chromatin


chromatin
The genetic material of the nucleus, consisting of deoxyribonucleoprotein, which occurs in two forms during the phase between mitotic divisions: 1) as heterochromatin, seen as condensed, readily stainable clumps; 2) as euchromatin, dispersed lightly staining or nonstaining material. During mitotic division the c. condenses into chromosomes. [G. chroma, color]
- oxyphil c. SYN: oxychromatin.
- sex c. a small condensed mass of the inactivated X-chromosome usually located just inside the nuclear membrane of the interphase nucleus; the number of sex c. bodies per nucleus is one less than the number of X-chromosomes, hence normal males and females with Turner syndrome (XO) have none (sex c. negative), normal females and males with Klinefelter syndrome (XXY) have one, and XXX-females have two c. masses. For technical reasons only about half the cells in a preparation show typical masses. SEE ALSO: Lyon hypothesis. SYN: Barr c. body.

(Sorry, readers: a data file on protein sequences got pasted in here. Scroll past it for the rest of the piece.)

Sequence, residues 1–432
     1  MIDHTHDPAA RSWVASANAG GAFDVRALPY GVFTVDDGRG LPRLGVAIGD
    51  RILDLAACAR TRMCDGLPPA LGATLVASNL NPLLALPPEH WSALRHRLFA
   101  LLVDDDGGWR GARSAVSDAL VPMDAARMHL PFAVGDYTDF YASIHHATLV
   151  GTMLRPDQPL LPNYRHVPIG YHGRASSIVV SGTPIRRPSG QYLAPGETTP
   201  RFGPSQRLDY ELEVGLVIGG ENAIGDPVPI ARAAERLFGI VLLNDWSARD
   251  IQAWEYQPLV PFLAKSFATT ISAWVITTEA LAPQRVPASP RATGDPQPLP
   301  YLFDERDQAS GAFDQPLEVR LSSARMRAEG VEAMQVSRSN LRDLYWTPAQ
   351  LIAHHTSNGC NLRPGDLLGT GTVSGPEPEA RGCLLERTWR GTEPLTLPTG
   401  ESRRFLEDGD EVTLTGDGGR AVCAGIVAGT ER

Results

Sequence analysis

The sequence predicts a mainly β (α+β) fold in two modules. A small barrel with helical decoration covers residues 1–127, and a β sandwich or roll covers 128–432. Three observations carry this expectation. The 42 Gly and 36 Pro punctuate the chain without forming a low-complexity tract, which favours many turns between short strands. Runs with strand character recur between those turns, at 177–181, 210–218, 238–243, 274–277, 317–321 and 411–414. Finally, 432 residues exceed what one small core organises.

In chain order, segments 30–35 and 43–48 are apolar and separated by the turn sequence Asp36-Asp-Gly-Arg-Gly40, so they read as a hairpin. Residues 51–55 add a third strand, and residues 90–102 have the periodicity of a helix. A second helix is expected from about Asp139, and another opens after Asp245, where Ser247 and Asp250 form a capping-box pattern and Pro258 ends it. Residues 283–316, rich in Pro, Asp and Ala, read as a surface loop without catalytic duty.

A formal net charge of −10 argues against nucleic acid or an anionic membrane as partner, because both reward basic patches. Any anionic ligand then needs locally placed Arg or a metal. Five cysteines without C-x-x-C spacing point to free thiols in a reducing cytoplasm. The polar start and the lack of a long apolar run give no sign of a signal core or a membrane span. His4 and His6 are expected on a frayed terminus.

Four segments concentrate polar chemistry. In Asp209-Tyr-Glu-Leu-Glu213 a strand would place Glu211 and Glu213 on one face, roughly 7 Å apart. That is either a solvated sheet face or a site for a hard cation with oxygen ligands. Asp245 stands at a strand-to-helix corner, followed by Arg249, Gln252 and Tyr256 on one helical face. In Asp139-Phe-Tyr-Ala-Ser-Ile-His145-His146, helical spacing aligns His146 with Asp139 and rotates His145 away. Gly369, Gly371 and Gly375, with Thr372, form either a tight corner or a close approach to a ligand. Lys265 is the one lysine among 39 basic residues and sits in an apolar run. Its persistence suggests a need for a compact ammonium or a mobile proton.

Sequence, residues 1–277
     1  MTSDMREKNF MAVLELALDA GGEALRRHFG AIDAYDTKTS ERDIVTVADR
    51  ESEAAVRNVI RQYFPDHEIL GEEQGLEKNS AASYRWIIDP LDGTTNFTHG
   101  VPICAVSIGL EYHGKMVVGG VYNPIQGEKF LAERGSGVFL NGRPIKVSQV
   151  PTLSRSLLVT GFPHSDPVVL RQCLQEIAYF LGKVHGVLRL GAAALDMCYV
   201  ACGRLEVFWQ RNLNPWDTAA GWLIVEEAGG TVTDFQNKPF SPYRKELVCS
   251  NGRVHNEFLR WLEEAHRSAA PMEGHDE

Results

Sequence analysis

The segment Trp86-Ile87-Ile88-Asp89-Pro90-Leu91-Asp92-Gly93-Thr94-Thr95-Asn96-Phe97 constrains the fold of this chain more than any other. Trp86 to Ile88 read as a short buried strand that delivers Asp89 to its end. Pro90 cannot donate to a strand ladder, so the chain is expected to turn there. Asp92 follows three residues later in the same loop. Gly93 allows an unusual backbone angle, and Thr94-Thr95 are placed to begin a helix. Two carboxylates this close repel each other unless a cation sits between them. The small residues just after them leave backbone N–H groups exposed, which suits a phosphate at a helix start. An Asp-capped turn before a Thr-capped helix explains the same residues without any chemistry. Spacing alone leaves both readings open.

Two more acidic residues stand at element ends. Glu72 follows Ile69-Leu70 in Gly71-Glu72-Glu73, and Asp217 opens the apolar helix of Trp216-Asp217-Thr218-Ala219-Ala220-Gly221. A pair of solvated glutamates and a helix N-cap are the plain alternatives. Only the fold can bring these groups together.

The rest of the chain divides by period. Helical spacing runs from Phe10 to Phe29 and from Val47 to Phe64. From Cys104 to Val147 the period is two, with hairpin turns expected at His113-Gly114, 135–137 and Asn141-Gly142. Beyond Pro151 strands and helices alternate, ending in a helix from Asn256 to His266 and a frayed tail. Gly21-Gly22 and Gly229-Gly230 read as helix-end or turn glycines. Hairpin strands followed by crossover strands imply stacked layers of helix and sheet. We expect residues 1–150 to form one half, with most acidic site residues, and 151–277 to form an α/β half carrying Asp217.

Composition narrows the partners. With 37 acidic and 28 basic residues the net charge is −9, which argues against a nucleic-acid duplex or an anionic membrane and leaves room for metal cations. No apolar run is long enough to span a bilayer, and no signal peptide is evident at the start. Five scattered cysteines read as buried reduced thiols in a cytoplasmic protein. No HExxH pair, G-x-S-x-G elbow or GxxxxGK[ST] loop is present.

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chro·ma·tin 'krō-mət-ən n a complex of a nucleic acid with basic proteins (as histone) in eukaryotic cells that is usu. dispersed in the interphase nucleus and condensed into chromosomes in mitosis and meiosis
chro·ma·tin·ic .krō-mə-'tin-ik adj

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n.
the material of a cell nucleus that stains with basic dyes and consists of DNA and protein: the substance of which the chromosomes are made. See euchromatin, heterochromatin.

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chro·ma·tin (kroґmə-tin) [Gr. chrōma color] the complex of nucleic acids (DNA and RNA) and proteins (primarily histones, but also nonhistone proteins) in the eukaryotic cell nucleus, comprising the chromosomes (q.v.). See also euchromatin and heterochromatin. chromatinic adj

Medical dictionary. 2011.